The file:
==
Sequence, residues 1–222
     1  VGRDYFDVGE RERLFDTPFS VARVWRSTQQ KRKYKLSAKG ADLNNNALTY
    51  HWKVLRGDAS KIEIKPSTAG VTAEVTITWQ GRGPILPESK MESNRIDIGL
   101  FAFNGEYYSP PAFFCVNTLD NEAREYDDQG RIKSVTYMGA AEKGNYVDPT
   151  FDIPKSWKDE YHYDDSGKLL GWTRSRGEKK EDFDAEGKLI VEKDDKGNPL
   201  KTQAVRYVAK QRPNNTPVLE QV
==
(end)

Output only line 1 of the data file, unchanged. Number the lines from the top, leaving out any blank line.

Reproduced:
Sequence, residues 1–222